The Santa Lucía airport will open in January 2022, six months later than originally anticipated, according to the Secretariat of National Defense (Sedena).
President López Obrador has said repeatedly that the new airport will open in June 2021 but Sedena, which is managing the project, said in a document that the facility won’t be ready until the start of the following year.
Construction is expected to start next month and according to the master plan will be completed in 30 months.
Sedena said that because the new airport is being built at an air force base, work must be carried out “with the greatest speed [and] a high degree of coordination and secrecy on the part of the builders so as not to interfere with and hinder the necessary continuity of operations [at the base].”
Three runways – two for commercial use and one for military use – a control tower and a terminal building with touch points for 30 planes are part of the infrastructure to be built during the first phase of the 80-billion-peso (US $4.2-billion) project.
Brigadier General Ricardo Vallejo, head of the military college of engineers, said earlier this year that the airport will be “austere in its design, efficient, functional, sustainable, easy to build . . . safe and emblematic.”
In its first year of operations, the airport will have the capacity to handle 22 million passengers.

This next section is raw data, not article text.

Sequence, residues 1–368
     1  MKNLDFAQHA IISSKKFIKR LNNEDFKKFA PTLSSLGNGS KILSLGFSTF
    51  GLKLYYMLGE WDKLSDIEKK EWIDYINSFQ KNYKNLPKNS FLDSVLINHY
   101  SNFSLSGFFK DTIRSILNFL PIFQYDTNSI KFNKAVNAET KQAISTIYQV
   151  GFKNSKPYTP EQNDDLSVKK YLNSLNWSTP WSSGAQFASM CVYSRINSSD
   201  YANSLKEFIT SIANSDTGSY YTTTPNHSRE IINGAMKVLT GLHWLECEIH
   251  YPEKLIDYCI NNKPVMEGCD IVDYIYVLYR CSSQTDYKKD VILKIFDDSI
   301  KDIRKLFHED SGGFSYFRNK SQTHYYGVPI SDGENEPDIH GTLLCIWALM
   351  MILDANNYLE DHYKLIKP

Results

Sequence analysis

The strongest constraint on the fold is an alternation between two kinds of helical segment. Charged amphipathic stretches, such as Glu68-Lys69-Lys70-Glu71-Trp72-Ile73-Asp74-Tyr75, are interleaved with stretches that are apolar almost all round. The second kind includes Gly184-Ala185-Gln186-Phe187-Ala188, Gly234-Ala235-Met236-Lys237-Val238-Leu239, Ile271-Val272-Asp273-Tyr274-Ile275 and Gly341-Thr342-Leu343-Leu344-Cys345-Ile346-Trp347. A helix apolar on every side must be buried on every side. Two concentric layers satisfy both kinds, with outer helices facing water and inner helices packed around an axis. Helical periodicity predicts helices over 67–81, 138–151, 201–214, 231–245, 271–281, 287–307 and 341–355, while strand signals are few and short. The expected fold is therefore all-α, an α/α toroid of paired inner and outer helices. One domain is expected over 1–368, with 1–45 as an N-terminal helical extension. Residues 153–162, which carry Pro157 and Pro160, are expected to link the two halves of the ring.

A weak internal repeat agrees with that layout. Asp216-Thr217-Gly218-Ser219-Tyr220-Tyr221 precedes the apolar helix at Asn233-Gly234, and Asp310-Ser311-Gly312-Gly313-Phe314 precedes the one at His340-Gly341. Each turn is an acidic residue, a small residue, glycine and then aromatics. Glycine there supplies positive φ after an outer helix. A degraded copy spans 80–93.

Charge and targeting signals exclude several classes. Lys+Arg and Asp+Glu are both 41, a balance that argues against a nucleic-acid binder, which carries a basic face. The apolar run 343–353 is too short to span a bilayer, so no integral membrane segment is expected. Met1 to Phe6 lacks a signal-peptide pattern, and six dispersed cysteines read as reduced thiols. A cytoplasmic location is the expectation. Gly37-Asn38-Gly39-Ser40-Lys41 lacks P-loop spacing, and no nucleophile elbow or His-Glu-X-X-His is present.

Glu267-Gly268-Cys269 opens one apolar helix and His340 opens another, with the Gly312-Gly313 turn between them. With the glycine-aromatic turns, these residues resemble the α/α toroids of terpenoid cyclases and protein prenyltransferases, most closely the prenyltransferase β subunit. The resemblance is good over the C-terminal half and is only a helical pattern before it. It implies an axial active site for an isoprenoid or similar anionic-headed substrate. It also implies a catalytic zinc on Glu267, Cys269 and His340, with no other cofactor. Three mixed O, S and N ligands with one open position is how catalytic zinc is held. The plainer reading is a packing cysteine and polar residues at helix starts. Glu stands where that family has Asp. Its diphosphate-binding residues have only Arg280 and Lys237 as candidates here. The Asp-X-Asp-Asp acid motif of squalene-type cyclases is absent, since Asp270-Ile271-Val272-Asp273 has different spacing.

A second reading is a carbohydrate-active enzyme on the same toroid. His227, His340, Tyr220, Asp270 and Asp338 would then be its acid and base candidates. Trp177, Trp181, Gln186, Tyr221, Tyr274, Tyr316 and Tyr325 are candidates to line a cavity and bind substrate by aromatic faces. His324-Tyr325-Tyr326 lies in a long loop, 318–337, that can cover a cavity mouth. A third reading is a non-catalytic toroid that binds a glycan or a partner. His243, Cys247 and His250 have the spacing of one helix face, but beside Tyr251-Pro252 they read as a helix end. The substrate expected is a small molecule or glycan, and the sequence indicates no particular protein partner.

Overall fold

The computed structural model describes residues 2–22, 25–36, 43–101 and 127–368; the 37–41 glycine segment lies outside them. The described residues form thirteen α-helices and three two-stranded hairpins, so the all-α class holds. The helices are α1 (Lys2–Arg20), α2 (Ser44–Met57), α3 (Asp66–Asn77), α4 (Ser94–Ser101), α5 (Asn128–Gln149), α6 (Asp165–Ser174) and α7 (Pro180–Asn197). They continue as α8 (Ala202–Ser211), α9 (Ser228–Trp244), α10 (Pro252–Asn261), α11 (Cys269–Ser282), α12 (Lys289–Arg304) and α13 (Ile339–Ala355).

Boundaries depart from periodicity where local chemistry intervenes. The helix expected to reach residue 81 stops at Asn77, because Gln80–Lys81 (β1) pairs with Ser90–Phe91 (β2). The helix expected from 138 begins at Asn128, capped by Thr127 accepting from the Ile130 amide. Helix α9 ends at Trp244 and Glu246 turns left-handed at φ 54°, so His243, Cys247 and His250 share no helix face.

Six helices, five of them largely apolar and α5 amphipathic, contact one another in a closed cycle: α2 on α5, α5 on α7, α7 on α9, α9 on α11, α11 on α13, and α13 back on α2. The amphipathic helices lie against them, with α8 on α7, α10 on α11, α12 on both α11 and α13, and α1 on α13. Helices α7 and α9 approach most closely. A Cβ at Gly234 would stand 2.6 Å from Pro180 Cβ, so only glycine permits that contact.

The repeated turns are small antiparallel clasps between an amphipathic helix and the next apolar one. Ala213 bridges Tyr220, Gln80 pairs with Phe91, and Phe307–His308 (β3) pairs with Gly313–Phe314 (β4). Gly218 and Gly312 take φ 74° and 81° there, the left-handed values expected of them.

To partially fund expansion in subsequent years – the target is to have a capacity of 100 million passengers annually by 2052 – the newspaper El Economista said the government is planning to use resources collected via passenger taxes.
It was revealed last month that over the next 19 years, taxes paid by passengers flying into and out of the existing Mexico City airport will be used to pay debt associated with the cancelation of the abandoned airport project in Texcoco, México state.
Scrapping the previous government’s partially-built project and instead converting the Santa Lucía Air Force Base into a commercial airport will generate savings of at least 100 billion pesos and solve congestion problems at the current airport more quickly, according to the president.
But even before construction has begun the project has faced a range of problems.
The presence of a pesky hill less than 10 kilometers from the construction site forced expensive changes to the project’s master plan including the repositioning of the runways, while a collective opposed to wasteful government spending has filed 147 separate requests for injunctions against the airport, some of which have been granted.
However, Sedena says there are now no geographical obstacles to the project, while the president asserted Monday that the legal challenges won’t be a barrier to the commencement of construction.
Speaking at Mexico City’s zócalo, López Obrador said the “torrent of injunctions” filed against the project by opponents of the government amounted to “legal sabotage.”
But he pledged that “we’re being careful in the authorization process for the environmental impact study” in order to “not give them any excuse to continue” their opposition.
Source: El Economista (sp)